NDU, SFWU and Unite to form super-union

Written By: - Date published: 2:23 pm, September 26th, 2007 - 8 comments
Categories: workers' rights - Tags:

I was wondering when this was going to break. From Molesworth and Featherston this morning (offline, subscription only):

Two private-sector unions are poised to join forces, potentially creating a major new force in industrial relations.

Sources say that the Service and Food Workers’ Union and the National Distribution Union reached a heads-of-agreement last week over an amalgamation proposal, and are even considering inviting Matt McCarten’s Unite to be part of the new super-union.

A merger has logic, bringing together workers across the service and manufacturing sectors into a union of around 35,000 members, with all the associated benefits of scale and pooled resources.

One of the things the left will need to consider seriously is what this means for the SFWU’s affiliation to the Labour Party. The SFWU is currently the Labour Party’s second largest affiliate, and ties between the two have been so strong that even Alliance stalwart Jill Ovens was pressured by the union to join the party before taking up her position as Northern Regional Secretary. One can’t imagine Laila Harre or Matt McCarten being as keen to throw their lot in with Labour. Word has it the SFWU’s National Secretary John Ryall has made affiliation to the party a bottom-line for amalgamation, but it’s an open question whether Ryall is in much of a position to push this through.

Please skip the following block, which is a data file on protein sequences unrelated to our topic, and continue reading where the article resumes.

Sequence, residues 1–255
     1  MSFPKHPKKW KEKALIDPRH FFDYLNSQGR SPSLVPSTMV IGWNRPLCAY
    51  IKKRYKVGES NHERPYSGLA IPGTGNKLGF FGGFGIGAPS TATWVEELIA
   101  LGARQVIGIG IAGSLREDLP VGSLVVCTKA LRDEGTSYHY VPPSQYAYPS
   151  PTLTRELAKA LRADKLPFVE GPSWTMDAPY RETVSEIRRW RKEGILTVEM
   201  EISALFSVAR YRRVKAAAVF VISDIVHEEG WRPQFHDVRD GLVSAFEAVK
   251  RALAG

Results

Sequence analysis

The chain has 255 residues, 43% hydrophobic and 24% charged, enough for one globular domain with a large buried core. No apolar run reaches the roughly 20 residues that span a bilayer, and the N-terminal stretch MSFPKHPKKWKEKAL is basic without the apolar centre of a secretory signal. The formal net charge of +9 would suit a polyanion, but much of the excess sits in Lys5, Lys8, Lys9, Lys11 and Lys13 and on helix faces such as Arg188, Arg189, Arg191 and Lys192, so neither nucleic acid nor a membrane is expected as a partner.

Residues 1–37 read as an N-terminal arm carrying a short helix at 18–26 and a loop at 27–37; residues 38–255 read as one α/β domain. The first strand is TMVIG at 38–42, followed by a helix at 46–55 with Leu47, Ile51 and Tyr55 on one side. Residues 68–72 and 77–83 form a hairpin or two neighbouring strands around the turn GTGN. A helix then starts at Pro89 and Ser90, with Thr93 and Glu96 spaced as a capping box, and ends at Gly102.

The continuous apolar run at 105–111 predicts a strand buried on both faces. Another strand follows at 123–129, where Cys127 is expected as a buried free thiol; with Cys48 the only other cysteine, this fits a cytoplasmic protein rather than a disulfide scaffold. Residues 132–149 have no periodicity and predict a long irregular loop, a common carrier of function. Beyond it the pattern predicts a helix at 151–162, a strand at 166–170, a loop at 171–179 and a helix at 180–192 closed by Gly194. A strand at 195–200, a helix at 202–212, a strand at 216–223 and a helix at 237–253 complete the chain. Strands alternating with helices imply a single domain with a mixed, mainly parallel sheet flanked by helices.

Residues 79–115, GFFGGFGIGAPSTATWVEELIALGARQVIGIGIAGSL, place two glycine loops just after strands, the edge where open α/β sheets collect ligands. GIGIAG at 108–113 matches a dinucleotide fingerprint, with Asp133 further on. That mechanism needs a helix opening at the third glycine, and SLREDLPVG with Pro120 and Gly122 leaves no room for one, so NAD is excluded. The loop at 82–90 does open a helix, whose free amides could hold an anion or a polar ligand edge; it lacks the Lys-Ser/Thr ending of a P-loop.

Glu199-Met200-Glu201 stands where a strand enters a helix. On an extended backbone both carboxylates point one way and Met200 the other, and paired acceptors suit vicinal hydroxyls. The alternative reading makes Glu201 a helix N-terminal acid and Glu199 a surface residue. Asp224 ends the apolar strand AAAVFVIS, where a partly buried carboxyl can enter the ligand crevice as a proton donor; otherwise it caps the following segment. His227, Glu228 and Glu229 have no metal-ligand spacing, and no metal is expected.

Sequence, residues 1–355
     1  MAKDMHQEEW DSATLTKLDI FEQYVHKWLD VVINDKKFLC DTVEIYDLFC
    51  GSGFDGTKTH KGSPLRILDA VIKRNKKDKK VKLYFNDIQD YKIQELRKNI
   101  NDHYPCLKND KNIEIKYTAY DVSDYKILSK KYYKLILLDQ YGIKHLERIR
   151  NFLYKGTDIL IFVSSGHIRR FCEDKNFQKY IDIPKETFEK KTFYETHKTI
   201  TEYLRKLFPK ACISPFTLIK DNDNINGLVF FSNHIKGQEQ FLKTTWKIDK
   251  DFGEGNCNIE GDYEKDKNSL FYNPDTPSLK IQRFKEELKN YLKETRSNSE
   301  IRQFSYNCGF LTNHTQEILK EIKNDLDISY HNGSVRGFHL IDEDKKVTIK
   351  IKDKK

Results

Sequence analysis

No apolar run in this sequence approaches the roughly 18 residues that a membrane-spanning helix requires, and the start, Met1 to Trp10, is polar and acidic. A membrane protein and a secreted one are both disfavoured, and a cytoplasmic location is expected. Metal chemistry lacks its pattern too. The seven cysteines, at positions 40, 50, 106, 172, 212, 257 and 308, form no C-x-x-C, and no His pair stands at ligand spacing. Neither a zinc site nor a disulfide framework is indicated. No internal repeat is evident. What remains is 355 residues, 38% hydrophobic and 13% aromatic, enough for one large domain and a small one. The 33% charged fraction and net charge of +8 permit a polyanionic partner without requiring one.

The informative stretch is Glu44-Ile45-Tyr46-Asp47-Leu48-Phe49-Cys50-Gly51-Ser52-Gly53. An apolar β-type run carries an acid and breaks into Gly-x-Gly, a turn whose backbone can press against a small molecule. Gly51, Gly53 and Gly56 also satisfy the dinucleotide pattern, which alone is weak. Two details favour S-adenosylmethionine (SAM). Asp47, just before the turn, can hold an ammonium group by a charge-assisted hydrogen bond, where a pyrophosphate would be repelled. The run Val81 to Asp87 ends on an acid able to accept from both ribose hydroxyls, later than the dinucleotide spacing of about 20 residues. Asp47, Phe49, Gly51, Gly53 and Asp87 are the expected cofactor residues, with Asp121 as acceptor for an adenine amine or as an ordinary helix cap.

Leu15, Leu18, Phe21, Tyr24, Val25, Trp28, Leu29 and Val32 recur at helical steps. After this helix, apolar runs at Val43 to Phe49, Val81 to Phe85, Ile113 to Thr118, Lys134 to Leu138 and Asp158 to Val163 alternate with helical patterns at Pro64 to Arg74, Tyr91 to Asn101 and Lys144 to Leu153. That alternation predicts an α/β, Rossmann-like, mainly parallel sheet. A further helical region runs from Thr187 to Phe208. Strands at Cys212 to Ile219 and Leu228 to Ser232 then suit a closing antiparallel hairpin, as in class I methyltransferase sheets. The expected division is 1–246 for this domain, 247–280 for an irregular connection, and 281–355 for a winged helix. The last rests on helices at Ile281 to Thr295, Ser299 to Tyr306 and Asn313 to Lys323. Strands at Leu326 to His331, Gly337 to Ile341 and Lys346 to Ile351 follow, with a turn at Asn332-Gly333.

If the three unions can sort their shit out and work together this will be a good thing for the union movement. As the EPMU (another beast created from a series of amalgamations) has shown, a super-union’s economies of scale make for a far more effective campaigning and organising machine. It’ll be interesting to see how this progresses.

8 comments on “NDU, SFWU and Unite to form super-union”

  1. Insidetrack 1

    Hmm, this looks like the alliance party in industrial drag. I’ll be very interested to see how the leadership issues are resolved. Especially considering Laila may have been meeting Bill English on the QT lately.

  2. boris y 2

    Considering McCarten is backing John Tamihere’s Mayoral campaign, anything is possible. Unite has successfully corporatised itself in the last year, shedding the anarchist riff raff from its boisterous Supersize days. Prehaps this union merger paves the way for the ex-Alliance supremos to ease themselves into a leadership role of what remains of the union movement, and bargain with Labour from a position of strength?

  3. Tim 3

    Speaking as a rank-and-file NDU activist, I have to say that I think this merger idea – if true – would have a negative impact on the trade union movement in NZ.

    The progressive, struggle-based elements in Unite and NDU would inevitably lose out to the pro-Labour SFWU bureaucrats and their “partnership with the employer” rhetoric, as SFWU seems to have a bigger organisational infrastructure in terms of paid officials, headquarters etc

    As for the EPMU being a positive example of why we should favour union amalgamation, all I can say is just ask the Postal Workers’ Union about what it’s like to have a bunch of right wing scabs come in and poach all your membership by undercutting current union pay and conditions…